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National Aeronautics and Space Administration

Goddard Space Flight Center

ALT

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Data Processing

Data Processing

Retracking Correction:

All altimeter data over the ice sheets must be post-processed to produce accurate surface elevation measurements. This post-processing is called "retracking" and is required because the leading edge of the ice-sheet return "waveform" deviates from the on-board altimeter tracking gate, causing an error in the telemetered range measurement. A return "waveform" is the received power sampled at the satellite and results from the interaction of the altimeter's transmitted pulse with the scattering surface or volume directly beneath the altimeter. Retracking altimetry data is done by computing the departure of the waveform's leading edge from the altimeter tracking gate and correcting the satellite range measurement (and surface elevation) accordingly. The following figure illustrates this concept.

Ice Sheet Altimeter Waveform showing the Retracking Correction that must be applied

Figure 1. Typical ice-sheet altimeter waveform illustrating the retracking correction that must be applied to correct for deviation of the waveform's leading edge from the on-board altimeter tracking gate.

There are many different methods described in the literature that are available for retracking ice-sheet altimeter data. All the various retracking algorithms have their own unique advantages and disadvantages, and it is generally accepted that no single algorithm can meet the diverse needs of all ice-sheet altimetry data users. Thus, as a result of a workshop held at NASA/GSFC in November, 1995, several retracking corrections are available on the ice altimetry. The GSFC retracking is based on a fit of the waveform to a 5 or 9 parameter function. The GSFC retracking should be used when using the altimetry data for topography as it gives a more accurate picture of the surface profile. Several different threshold retracking levels are also included on the level 2 data. Threshold retracking is based on setting the retracking point at a percentage of the waveforms maximum power. This retracking algorithm is most useful when repeatability of measurements is necessary, such as time-change studies of ice sheet surface elevations.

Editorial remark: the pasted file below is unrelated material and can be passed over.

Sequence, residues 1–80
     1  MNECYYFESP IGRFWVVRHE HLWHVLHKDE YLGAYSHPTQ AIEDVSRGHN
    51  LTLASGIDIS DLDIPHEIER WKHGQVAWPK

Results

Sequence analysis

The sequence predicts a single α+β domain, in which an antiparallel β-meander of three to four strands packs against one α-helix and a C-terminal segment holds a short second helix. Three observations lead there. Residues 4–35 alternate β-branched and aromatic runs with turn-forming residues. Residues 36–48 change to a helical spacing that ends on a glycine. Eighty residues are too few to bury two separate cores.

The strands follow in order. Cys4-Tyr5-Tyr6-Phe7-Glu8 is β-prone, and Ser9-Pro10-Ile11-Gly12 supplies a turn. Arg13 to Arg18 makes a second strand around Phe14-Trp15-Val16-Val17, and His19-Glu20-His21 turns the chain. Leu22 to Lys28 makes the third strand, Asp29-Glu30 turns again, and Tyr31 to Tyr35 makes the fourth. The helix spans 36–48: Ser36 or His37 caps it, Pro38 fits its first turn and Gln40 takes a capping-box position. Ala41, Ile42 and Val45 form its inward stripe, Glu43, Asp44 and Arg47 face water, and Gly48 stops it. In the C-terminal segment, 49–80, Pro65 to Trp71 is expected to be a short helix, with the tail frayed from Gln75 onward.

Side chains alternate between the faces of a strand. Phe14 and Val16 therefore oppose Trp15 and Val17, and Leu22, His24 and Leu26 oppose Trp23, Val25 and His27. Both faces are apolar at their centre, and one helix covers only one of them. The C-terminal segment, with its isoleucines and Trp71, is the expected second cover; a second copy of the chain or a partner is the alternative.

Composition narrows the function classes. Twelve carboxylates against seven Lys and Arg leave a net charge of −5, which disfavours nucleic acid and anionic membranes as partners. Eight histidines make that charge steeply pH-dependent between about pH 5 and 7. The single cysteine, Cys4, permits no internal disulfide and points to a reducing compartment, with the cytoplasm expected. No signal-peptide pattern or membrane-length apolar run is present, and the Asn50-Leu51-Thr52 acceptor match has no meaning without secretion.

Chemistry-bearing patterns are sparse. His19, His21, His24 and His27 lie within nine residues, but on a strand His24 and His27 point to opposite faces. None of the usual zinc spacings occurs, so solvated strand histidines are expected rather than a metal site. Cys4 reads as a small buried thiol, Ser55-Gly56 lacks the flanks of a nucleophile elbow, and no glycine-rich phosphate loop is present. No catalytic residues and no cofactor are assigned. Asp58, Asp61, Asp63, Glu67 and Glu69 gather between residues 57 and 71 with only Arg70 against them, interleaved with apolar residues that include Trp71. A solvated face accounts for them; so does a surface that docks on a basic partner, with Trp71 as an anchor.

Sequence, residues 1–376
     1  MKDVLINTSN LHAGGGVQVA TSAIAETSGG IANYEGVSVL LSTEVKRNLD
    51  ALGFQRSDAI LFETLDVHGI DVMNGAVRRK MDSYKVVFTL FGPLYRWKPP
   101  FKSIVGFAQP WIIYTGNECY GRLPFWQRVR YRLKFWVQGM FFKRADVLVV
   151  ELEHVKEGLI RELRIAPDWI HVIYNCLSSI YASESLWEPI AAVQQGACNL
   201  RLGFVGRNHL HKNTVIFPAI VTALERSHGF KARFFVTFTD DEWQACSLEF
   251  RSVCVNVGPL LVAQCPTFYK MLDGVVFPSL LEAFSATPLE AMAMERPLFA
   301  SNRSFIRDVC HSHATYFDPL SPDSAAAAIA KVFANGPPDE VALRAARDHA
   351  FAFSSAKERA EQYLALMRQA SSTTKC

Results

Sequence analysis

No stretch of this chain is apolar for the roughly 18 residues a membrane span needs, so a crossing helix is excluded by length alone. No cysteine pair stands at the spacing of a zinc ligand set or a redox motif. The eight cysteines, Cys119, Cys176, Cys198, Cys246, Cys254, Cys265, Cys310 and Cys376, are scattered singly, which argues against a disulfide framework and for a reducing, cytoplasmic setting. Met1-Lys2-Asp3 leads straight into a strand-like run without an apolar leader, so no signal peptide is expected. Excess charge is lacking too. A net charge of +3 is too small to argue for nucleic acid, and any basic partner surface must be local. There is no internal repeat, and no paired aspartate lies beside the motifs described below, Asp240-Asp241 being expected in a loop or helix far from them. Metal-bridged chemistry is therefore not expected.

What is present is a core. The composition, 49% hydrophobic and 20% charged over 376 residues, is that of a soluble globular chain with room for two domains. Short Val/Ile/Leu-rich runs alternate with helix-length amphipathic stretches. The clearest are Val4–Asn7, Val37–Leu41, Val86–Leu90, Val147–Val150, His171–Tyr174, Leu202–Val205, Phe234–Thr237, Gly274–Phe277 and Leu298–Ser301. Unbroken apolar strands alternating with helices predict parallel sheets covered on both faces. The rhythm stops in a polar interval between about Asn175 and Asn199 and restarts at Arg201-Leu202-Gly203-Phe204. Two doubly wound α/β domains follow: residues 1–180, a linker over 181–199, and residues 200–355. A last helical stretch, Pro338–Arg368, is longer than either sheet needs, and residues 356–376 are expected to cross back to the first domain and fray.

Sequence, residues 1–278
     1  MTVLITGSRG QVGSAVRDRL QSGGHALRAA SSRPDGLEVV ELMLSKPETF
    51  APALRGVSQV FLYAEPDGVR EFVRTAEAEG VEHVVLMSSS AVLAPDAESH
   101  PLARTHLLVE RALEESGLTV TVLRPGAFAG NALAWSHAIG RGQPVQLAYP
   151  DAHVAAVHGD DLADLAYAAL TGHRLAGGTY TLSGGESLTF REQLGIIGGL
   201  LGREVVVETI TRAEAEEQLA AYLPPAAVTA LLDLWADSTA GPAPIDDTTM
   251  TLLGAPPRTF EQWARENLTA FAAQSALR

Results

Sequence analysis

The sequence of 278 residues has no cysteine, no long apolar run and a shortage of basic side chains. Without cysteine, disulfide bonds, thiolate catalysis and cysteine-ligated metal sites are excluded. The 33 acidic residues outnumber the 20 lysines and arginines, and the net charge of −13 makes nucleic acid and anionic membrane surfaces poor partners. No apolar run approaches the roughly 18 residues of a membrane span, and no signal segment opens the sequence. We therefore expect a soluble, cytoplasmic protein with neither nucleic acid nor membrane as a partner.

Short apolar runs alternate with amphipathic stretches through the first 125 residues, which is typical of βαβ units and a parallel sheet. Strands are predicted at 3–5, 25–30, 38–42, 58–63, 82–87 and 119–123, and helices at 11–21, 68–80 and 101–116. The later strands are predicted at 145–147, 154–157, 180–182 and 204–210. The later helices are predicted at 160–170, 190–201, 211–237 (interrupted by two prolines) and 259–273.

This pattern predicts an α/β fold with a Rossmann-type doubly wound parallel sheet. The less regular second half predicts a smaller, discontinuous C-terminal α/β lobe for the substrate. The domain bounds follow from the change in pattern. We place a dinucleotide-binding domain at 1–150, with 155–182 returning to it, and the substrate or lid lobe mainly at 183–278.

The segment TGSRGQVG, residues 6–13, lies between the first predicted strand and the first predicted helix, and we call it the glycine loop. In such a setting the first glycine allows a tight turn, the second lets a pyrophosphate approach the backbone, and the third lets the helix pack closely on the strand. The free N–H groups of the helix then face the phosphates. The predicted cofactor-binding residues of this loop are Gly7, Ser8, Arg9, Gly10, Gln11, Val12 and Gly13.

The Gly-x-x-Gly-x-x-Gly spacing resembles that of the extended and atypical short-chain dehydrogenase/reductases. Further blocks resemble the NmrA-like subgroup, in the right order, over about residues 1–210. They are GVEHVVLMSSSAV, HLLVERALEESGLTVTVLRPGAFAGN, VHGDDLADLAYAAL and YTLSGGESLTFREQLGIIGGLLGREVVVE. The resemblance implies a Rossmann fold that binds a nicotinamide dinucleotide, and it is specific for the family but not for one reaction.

The differences between the different threshold retracking values and the GSFC functional fit are a function of which threshold value is chosen and the type of surface. We have made an attempt to quantisize this by calculating the mean and standard deviations of the differences for each 500m elevation band over Greenland. The GSFC V4 - threshold 20% differences show that the 20% threshold is the closest approximation to the functional fit, but there are significant biases ranging from 19 cm over the higher plateau regions, to 89 cm in the ablation zone. The GSFC V4 - threshold 10% differences are much larger varying from 62 cm over the plateau regions to 2.9 m over the ablation zone always biased so that the elevations using the 10% threshold retracker will be higher than those calculated using the functional fit. The GSFC V4 - threshold 50% differences show that the 50% threshold elevation is is always lower than that calculated with the functional fit with biases ranging from 90 cm over the sea ice to 3.5m in the higher elevations of the ablation zone.